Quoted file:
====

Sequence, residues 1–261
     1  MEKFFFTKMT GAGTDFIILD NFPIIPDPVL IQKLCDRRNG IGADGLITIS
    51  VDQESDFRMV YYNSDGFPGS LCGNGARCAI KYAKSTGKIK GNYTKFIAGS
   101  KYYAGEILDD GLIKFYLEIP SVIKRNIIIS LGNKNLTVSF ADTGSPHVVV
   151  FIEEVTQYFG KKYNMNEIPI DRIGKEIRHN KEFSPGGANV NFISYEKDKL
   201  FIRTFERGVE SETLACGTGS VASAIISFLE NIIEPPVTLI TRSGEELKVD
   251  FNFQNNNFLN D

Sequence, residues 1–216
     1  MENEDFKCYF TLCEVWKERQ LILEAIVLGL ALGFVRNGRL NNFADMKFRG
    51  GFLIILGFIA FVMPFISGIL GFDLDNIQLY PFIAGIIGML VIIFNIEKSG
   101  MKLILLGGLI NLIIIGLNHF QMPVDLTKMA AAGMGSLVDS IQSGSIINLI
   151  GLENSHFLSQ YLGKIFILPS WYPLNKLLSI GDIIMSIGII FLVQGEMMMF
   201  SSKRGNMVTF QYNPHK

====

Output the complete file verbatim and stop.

Sequence, residues 1–261
     1  MEKFFFTKMT GAGTDFIILD NFPIIPDPVL IQKLCDRRNG IGADGLITIS
    51  VDQESDFRMV YYNSDGFPGS LCGNGARCAI KYAKSTGKIK GNYTKFIAGS
   101  KYYAGEILDD GLIKFYLEIP SVIKRNIIIS LGNKNLTVSF ADTGSPHVVV
   151  FIEEVTQYFG KKYNMNEIPI DRIGKEIRHN KEFSPGGANV NFISYEKDKL
   201  FIRTFERGVE SETLACGTGS VASAIISFLE NIIEPPVTLI TRSGEELKVD
   251  FNFQNNNFLN D

Sequence, residues 1–216
     1  MENEDFKCYF TLCEVWKERQ LILEAIVLGL ALGFVRNGRL NNFADMKFRG
    51  GFLIILGFIA FVMPFISGIL GFDLDNIQLY PFIAGIIGML VIIFNIEKSG
   101  MKLILLGGLI NLIIIGLNHF QMPVDLTKMA AAGMGSLVDS IQSGSIINLI
   151  GLENSHFLSQ YLGKIFILPS WYPLNKLLSI GDIIMSIGII FLVQGEMMMF
   201  SSKRGNMVTF QYNPHK